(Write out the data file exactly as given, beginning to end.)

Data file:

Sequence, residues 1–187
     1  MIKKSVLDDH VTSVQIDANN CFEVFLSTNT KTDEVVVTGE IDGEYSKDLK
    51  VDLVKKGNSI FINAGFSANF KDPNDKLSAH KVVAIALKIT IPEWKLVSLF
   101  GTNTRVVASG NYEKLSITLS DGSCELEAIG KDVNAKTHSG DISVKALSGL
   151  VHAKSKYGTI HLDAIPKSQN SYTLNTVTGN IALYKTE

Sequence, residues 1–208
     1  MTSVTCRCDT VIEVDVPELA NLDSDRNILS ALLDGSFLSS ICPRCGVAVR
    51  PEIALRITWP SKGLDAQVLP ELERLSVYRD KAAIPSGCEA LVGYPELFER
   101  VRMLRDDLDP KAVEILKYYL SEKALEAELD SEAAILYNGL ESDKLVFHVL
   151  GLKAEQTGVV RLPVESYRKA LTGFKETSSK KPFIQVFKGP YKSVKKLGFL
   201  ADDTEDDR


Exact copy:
Sequence, residues 1–187
     1  MIKKSVLDDH VTSVQIDANN CFEVFLSTNT KTDEVVVTGE IDGEYSKDLK
    51  VDLVKKGNSI FINAGFSANF KDPNDKLSAH KVVAIALKIT IPEWKLVSLF
   101  GTNTRVVASG NYEKLSITLS DGSCELEAIG KDVNAKTHSG DISVKALSGL
   151  VHAKSKYGTI HLDAIPKSQN SYTLNTVTGN IALYKTE

Sequence, residues 1–208
     1  MTSVTCRCDT VIEVDVPELA NLDSDRNILS ALLDGSFLSS ICPRCGVAVR
    51  PEIALRITWP SKGLDAQVLP ELERLSVYRD KAAIPSGCEA LVGYPELFER
   101  VRMLRDDLDP KAVEILKYYL SEKALEAELD SEAAILYNGL ESDKLVFHVL
   151  GLKAEQTGVV RLPVESYRKA LTGFKETSSK KPFIQVFKGP YKSVKKLGFL
   201  ADDTEDDR